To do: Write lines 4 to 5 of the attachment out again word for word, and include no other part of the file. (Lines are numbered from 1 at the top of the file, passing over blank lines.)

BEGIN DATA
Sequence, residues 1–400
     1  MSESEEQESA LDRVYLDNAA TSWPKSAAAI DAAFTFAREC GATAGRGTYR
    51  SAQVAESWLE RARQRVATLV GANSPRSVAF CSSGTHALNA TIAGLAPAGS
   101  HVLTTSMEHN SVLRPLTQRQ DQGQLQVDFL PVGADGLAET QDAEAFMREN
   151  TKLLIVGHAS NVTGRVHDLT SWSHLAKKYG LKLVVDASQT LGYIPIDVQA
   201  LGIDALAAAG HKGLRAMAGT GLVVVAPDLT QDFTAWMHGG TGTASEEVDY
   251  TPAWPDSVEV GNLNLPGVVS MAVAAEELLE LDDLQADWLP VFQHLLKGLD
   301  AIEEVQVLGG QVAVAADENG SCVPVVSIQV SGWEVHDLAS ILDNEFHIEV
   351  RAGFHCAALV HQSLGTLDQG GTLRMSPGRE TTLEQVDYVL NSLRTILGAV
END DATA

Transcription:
   101  HVLTTSMEHN SVLRPLTQRQ DQGQLQVDFL PVGADGLAET QDAEAFMREN
   151  TKLLIVGHAS NVTGRVHDLT SWSHLAKKYG LKLVVDASQT LGYIPIDVQA